Realize that you are probably in both groups of people: you have struggles with reading your Bible, but if you heard someone else was struggling in the same way, you’d worry about them. Since everyone is on both sides of the aisle, I only need give one piece of advice: R-E-L-A-X (cf. Aaron Rodgers).
Is Bible reading important? Yes. Should we encourage one another toward this habit of grace? Yes. Does it prove who is a good Christian and who isn’t? No. You are saved by faith in Christ and his benefits, applied to you through the means of grace (preaching, Baptism, Lord’s Supper). Bible reading is just one of a host of things we should be encouraging each other to pursue in light of this fact.
The Bible is much more interested in your character than in your Bible reading. Kevin DeYoung hits the nail on the head:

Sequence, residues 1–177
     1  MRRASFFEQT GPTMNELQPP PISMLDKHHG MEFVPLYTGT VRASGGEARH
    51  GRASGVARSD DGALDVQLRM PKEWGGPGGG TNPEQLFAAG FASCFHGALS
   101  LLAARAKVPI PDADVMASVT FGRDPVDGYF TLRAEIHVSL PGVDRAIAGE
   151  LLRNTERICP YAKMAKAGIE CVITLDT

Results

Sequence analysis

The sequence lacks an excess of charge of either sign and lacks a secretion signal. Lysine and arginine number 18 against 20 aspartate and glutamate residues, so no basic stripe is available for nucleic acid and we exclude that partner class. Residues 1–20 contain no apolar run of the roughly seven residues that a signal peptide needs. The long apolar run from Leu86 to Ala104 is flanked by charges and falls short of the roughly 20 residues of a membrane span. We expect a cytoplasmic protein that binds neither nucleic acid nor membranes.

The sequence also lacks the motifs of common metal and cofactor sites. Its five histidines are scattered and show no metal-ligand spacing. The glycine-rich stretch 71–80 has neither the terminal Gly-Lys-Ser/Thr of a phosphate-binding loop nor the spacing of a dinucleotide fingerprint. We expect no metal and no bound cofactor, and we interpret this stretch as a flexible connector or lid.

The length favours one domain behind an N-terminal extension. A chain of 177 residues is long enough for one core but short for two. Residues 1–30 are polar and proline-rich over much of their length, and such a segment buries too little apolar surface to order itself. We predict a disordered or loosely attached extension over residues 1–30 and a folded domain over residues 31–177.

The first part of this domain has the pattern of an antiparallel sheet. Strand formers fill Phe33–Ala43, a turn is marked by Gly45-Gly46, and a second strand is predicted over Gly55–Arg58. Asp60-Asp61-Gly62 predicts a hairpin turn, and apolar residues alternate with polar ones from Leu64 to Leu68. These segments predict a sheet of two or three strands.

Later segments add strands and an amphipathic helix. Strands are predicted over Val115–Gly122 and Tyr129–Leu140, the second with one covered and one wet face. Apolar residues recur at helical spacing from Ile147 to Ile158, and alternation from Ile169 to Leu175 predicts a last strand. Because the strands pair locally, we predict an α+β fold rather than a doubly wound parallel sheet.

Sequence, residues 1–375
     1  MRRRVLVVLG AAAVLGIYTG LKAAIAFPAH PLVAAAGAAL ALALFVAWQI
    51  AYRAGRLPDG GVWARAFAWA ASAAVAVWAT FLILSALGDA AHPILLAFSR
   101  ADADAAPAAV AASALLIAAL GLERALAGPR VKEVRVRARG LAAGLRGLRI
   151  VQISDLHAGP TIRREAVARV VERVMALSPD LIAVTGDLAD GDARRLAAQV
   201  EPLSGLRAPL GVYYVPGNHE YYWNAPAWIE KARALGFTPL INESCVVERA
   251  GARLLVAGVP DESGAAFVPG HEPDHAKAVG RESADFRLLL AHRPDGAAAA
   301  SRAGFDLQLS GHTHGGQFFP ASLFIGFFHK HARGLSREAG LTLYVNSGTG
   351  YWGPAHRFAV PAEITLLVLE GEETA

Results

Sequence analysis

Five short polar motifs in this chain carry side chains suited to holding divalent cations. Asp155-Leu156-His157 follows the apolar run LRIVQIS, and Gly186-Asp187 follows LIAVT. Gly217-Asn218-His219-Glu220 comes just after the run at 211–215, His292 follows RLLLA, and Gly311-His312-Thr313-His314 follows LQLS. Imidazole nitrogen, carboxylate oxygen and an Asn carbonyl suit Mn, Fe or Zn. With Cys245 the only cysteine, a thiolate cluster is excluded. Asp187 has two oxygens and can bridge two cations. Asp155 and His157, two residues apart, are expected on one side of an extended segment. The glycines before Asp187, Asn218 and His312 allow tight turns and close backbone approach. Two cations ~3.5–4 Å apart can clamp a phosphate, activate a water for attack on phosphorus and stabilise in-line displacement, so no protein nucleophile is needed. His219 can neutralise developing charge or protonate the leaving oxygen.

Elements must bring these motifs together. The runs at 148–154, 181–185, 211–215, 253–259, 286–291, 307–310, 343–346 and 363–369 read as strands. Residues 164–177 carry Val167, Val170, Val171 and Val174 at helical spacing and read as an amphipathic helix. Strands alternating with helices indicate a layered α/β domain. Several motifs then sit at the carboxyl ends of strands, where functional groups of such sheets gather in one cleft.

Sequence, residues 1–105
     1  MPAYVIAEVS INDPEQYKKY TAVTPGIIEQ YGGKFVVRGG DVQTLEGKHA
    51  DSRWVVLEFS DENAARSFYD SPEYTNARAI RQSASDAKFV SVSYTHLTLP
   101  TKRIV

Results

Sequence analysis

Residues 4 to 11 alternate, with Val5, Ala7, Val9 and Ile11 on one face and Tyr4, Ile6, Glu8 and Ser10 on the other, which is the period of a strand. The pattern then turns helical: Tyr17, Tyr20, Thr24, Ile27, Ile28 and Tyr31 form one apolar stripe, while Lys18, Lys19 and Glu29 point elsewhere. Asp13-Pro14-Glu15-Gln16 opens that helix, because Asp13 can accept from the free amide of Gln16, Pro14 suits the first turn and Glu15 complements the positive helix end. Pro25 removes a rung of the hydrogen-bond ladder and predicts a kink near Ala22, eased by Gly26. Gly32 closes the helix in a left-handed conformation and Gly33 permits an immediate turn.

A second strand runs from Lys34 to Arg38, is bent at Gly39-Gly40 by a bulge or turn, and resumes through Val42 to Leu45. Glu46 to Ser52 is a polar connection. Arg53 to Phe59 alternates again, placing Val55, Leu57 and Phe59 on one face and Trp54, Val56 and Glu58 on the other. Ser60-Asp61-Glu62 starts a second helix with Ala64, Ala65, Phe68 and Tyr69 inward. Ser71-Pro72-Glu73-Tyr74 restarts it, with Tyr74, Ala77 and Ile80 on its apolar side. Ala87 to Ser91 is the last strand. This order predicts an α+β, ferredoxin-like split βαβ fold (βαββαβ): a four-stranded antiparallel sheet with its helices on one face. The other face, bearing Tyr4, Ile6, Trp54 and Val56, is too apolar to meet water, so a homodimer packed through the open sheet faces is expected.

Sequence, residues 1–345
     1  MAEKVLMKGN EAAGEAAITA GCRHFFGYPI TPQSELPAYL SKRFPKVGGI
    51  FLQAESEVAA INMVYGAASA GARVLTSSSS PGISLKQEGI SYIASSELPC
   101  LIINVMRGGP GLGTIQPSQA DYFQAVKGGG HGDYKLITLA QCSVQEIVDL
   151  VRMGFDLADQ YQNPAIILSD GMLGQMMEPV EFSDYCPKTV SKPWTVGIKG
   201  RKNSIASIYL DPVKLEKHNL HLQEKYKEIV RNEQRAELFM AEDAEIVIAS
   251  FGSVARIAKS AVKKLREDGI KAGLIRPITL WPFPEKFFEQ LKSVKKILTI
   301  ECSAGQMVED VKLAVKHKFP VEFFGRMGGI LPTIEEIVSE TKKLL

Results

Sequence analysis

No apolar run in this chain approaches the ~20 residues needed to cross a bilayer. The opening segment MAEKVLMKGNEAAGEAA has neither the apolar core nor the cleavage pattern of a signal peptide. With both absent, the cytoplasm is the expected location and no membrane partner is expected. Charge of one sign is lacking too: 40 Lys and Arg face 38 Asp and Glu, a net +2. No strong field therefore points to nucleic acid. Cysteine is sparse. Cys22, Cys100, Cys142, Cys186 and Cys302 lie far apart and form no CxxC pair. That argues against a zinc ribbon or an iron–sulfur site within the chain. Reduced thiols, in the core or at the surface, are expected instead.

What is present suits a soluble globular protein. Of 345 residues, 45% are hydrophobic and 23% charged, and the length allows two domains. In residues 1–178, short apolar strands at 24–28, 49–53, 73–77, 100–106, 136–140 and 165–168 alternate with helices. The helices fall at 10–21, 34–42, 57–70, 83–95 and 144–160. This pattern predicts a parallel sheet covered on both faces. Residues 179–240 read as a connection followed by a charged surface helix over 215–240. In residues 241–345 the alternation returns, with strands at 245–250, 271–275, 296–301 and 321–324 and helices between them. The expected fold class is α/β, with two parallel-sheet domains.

Christians often equate holiness with activism and spiritual disciplines. And while it’s true that activism is often the outgrowth of holiness and spiritual disciplines are necessary for the cultivation of holiness, the pattern of piety in the Scripture is more explicitly about our character. We put off sin and put on righteousness.***
If you have a choice between following the sermon you heard on Sunday and practicing patience more consistently, or reading your Bible more consistently, go with the former. Now, of course, this is a false dichotomy. You can do both; just be sure your priorities are in the right spot. One is a biblical imperative, the other is a helpful practice for Spiritual growth.
2. It’s a Long Game
The nineteenth century Presbyterian Professor of Preaching R.L. Dabney told his students, “Now, it is the preacher’s business, in his public discourses, to give his people teaching by example, in the art of interpreting the Word: he should exhibit before them, in actual use, the methods by which the legitimate meaning is to be evolved.”*